It should be noted that the 788 is a strictly PC headset requiring a free USB port to connect and power it, but setup was a breeze. Remove the giant sticker from the USB connector telling you where to download your resource program, plug it in, switch your current headset to the new one, the same with the microphone and you’re ready to start tracking enemies through walls in your favourite FPS.

The headset makes a nice point of mounting things you’ll be using a lot, like volume controls, microphone mute, and a toggle between 2.0 and 7.1 operation mode directly on the left cup, which is certainly better than having a dangling dongle that you’re constantly trying to find while playing.

The downloaded Dolby controller program even allows you to switch between “Music” mode and “Movies/ Gaming” mode. Though, to be honest, I haven’t the slightest clue what this does; after much toggling in movies, music and games, it seems to make no appreciable difference, but it also uses almost no background resources, so I’m not bothered by it.

If I have to nitpick, the cord from headset to computer is frustratingly short. Six feet just isn’t enough for a headset that’s going to be moving with you as you fish for stuff around your desk.  If you’re like me and have right-side tower, you’ll quickly discover that your headset needs to be plugged into the front USB ports. This leaves a thin, unbraided cable slung in front of you at all times. This all leads me to feel that the 788 is better suited for use on a laptop where these concerns don’t exist, and that saddens me..

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The pads on the cups are also quite firm, and the cloth cover on them bleeds an awful lot of ambient noise and do a pretty poor job of focusing bass. Your friends might tell you, as mine have, that your microphone makes you sound like an AM radio talk show host if it’s not in just the right spot.  Chewing with the microphone up also causes it to rattle in your left ear, and the cups themselves are clearly too small for human ears, causing them to become uncomfortable during extended use. They also, for whatever reason, rotate to face backwards, so instead of becoming comfortable around-the-neck speakers, they become awkward on-the-shoulder armour.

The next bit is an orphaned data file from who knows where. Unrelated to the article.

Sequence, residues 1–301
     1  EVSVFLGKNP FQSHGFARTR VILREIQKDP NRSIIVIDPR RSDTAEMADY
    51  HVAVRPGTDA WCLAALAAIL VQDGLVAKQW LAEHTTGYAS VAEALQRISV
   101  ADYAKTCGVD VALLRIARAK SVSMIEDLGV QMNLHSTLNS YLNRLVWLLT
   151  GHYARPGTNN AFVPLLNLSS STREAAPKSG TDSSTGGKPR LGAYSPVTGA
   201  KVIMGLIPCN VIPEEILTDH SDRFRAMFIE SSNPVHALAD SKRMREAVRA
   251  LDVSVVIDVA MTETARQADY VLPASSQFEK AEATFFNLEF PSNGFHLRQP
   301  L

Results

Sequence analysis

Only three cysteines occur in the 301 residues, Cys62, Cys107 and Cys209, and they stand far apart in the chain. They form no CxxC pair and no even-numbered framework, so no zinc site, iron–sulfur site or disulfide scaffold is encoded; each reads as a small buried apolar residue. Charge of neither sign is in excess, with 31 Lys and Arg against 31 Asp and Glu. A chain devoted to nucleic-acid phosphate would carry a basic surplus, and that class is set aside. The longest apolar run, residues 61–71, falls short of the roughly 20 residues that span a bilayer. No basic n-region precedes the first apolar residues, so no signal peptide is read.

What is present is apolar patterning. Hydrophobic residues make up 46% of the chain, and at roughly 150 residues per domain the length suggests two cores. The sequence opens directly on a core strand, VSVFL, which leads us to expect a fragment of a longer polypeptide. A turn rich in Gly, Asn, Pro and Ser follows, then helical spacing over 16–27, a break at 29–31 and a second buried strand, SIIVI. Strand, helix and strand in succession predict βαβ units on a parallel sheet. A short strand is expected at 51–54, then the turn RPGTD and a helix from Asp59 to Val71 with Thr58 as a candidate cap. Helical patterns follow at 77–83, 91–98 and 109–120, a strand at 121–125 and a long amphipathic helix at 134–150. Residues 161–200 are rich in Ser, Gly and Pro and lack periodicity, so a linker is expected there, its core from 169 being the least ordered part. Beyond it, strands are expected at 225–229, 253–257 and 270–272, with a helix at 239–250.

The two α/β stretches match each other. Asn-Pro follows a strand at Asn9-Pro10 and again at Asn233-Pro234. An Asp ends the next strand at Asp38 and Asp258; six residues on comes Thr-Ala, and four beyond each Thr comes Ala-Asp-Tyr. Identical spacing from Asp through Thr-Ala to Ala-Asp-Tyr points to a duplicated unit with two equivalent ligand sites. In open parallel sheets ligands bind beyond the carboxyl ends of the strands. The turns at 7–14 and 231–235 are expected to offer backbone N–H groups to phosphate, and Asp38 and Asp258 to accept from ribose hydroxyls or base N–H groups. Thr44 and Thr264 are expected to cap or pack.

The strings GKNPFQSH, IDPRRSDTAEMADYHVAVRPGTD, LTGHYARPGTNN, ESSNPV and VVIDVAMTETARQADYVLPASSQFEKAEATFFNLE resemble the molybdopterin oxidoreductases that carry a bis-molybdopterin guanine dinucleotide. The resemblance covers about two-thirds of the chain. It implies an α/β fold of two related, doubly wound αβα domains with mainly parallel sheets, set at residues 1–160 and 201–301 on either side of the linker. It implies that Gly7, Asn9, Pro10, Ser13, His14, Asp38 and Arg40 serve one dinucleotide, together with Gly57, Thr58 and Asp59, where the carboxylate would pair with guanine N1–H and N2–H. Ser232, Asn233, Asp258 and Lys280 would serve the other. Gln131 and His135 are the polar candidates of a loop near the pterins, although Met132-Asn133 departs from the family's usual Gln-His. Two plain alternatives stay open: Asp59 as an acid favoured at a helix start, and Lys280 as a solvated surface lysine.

You’ll almost certainly notice these things over time, as I have, but I’m not worried about any of them. I couldn’t be bothered less by them because I adore the 788. I wouldn’t care if the cable was two feet long with exposed wires that shocked me every five seconds. I wouldn’t care if the cup pads had spikes in them. I wouldn’t even be all that bothered if the inside of the box was laced with Anthrax, because the audio experience is simply excellent. Not just excellent for an $80 headset. It’s excellent full stop. Sure, it lacks perfect clarity on account of being digital, causing the high-end to wash out a bit under the constant bass, and the low-end doesn’t have the hit I would like, but the positional sound is brilliant. It may not have the ability to manipulate each driver in it independently, or crank bass levels while listening to music, but all of that is explained by the same reasoning for not having memory foam filled leatherette pads and expensive braided cables, or fancy external docks. The 788 fights up in price brackets. WAY up. And it comes out swinging.

Every single bit of the headset feels like it was meant to be that way. Every design choice, good or bad, was made in the pursuit of delivering a simply fantastic positional audio experience to a gaming audience and price bracket that couldn’t previously dream of it.

Everything but that weird shoulder armour mode.

Plantronics RIG Headset + Mixer Review

Plantronics RIG Headset + Mixer Review

Getting a device that does everything you want at a price that is affordable can be next to impossible without compromise. Plantronics hopes to buck this trend with their RIG headset by promising rich sound, modular design and the ability to take calls while gaming, all for just $129. This sounds like a fantastic deal! If only deals like this are as good as they seem.

The build quality on the Plantronics RIG is hands-down my favorite aspect. It has a sleek simple design, with the choice of either black or white models. The ear cups are made of a soft fabric that sits snugly over the ears and can be adjusted to fit most head sizes. The band, covered with a thin cloth coating works well at allowing the headphones to rest comfortably on the head without putting too much tension that would get painful over time. The overall design makes the Plantronics RIG one of the least flashy headsets available on the market.